ODANAH, Wisconsin — Hours after seeing her 14-year-old grandson, Jason, lying in the street just feet from her home, with police and EMS hovering over his motionless body, Cheryl Pero found herself in the cavernous gymnasium of the Bad River Reservation community center.
Cheryl and her husband, Al, couldn’t go home — where they’d raised Jason since infancy — because it was a crime scene.
So the family awaited word in the local gym about why an Ashland County Sheriff’s deputy had just fired two shots into the chest of Jason, who friends and family say was a relatively normal, happy child. With news of the shooting spreading rapidly via text message and Facebook, members of their tight-knit tribal community soon joined them.
Tracy Bigboy, a neighbor and victim services coordinator for the tribal government, was dispatched to take care of the Peros’ needs. She stood in the cold air outside of the community center, quietly smoking a cigarette, until Ashland County Sheriff Mick Brennan pulled off Highway 2 and into the parking lot.
With his squared-off shoulders, neatly cropped silver hair, and mustache, the 62-year-old Brennan has a carefully crafted by-the-book reputation and looks every inch the small-town sheriff. As he and one of his investigators approached, Bigboy stopped them, warning the sheriff that emotions were running high inside the gym and urging him to talk to the family privately.
As the Peros huddled in private with Brennan, it seemed to the family that the sheriff hadn’t come with answers, or even condolences. His main message, as the grieving Peros remember it: Let him control the public narrative of Jason’s death.
“Don’t talk to the media,” Bigboy and the Peros remember Brennan telling them. “Let us go first so we can tell you what to say.” And they say he had a warning for the community: Settle down and don’t riot.
Now, two months after Jason took two bullets to the chest on Nov. 8, his family still doesn’t know exactly what happened the morning that Deputy Brock Mrdjenovich shot him dead. Jason’s family says the sheriff has told them nothing, and Brennan did not respond to multiple requests to speak to BuzzFeed News about the shooting and about local law enforcement’s relationship with the Bad River community. Michael Nieskes, the St. Croix County District Attorney who has been appointed as a special prosecutor to investigate the case, declined to comment.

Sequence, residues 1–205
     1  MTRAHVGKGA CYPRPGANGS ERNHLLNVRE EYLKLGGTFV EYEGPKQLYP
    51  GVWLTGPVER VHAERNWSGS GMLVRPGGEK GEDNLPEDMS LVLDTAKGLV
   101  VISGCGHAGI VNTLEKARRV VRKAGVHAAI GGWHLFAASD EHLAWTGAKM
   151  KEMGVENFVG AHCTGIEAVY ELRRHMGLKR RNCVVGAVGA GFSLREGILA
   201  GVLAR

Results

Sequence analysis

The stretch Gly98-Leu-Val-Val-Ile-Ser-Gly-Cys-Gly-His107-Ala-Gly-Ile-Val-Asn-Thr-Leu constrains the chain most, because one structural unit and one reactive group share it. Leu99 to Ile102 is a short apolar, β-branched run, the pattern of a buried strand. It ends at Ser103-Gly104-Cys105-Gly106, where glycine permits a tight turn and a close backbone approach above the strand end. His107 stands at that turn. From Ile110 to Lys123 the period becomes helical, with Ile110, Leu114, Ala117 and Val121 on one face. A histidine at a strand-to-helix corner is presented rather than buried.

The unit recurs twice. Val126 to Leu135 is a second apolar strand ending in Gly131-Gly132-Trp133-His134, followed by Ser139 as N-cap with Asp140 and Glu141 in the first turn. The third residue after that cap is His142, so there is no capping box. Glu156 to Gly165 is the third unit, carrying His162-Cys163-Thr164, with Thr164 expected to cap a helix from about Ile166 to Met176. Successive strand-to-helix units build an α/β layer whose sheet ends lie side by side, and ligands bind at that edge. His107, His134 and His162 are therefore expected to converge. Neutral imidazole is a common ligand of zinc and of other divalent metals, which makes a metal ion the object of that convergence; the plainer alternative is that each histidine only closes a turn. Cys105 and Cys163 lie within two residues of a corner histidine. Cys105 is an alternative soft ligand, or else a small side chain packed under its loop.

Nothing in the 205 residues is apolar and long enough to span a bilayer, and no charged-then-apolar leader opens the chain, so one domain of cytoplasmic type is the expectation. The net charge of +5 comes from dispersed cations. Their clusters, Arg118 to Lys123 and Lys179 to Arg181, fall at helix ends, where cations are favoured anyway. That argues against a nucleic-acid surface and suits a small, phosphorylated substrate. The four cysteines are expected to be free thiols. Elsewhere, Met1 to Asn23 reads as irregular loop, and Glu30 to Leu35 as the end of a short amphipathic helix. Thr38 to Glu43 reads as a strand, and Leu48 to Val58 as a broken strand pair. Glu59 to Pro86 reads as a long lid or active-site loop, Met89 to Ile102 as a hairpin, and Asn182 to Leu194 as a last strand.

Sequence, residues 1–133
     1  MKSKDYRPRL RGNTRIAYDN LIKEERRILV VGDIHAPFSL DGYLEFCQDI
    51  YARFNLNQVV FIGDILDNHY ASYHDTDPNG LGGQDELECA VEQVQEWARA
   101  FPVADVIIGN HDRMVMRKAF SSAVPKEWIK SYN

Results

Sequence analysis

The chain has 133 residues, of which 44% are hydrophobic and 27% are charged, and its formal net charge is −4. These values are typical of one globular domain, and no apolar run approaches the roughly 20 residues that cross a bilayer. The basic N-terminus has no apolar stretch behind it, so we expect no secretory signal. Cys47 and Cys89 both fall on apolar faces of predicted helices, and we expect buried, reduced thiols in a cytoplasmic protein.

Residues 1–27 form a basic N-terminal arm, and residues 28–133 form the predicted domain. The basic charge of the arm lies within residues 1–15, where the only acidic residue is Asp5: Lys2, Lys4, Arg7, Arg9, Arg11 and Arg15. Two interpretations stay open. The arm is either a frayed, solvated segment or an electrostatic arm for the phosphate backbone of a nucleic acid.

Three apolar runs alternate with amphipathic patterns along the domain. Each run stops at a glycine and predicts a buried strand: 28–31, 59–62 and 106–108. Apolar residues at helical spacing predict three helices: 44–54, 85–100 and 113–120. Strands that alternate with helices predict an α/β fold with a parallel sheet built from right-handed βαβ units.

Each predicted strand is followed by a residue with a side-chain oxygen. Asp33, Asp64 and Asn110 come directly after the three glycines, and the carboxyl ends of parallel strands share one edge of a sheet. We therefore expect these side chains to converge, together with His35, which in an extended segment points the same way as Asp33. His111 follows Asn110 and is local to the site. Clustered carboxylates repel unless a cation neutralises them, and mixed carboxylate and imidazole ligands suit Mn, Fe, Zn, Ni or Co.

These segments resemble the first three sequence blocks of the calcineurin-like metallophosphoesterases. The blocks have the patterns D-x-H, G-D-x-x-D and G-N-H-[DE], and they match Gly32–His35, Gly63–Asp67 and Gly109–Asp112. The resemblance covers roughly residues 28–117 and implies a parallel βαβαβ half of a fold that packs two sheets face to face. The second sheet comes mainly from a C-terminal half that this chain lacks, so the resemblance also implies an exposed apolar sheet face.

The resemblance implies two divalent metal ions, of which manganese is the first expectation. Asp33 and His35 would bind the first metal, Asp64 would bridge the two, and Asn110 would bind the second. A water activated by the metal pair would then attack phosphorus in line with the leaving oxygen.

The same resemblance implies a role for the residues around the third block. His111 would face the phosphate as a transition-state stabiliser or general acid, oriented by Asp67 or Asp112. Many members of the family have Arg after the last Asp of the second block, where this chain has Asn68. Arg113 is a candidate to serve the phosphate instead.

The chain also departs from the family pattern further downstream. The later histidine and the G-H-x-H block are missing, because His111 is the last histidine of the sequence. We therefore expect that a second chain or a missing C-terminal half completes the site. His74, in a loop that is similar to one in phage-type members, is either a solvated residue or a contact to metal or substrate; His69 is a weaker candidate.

The feeling of sadness and loss is palpable among members of the Bad River Band. But there’s also a deep sense of numbness and fatalism here that manifests in the nonchalant ways people talk about other violent encounters involving law enforcement and Native Americans. Jason’s death was at least the second time in as many months that a member of the Bad River Reservation had been killed by uniformed officers: On Oct. 28, a Jackson County Sheriff’s deputy shot and killed 27-year-old Lucas DeFord in nearby Black River Falls.
“This has been going on for generations and generations, and it’s not going to stop.”
Locals have long complained about being pulled over for what they consider no good reason. “Driving while Indian,” they call it. And then there’s “the women,” a sort of shorthand that refers to allegations detailed in federal lawsuits that Sheriff Brennan did nothing as one of his jailers repeatedly raped and assaulted Native American women. “You’ve heard about the women, right?” locals say almost between thoughts.
The lack of information since Jason’s shooting has only compounded tensions here, laying bare the deep-rooted, systemic racial divisions between the Bad River tribe and the white community of Ashland.
“This has been going on for generations and generations, and it’s not going to stop,” Bigboy said.
In April 2013, a Native American woman with the initials J.L. arrived in the Ashland County Jail.
It didn’t take long for J.L., then in her early twenties, to catch the eye of Ashland County correctional officer Christopher J. Bond. The women’s showers, with their waist-high walls and central location in the jail, gave Bond — and anybody else who happened to walk by — a perfect view to ogle female inmates as they bathed.
According to a federal lawsuit filed in March by J.L., Bond would leeringly comment on her “pretty mouth” and simulate ejaculating into it when she ate jail-issued meals of hot dogs or kielbasa. He’d regularly corner her in areas of the county jail without cameras, forcing her to open her jumpsuit so he could grope her, said the lawsuit, one of five filed since January 2017 against the county and sheriff’s department alleging violation of the women’s civil rights. On nights he was on watch, Bond would direct J.L. to lie naked on her bed and masturbate while he watched on the jail’s surveillance cameras, the 25-year-old woman alleges.
On Nov. 2, 2013, Bond was designated by prison officials to drive J.L. 70 miles west to St. Luke’s hospital in Duluth, Minnesota, for an emergency medical procedure to remove an abscess from one of her breasts.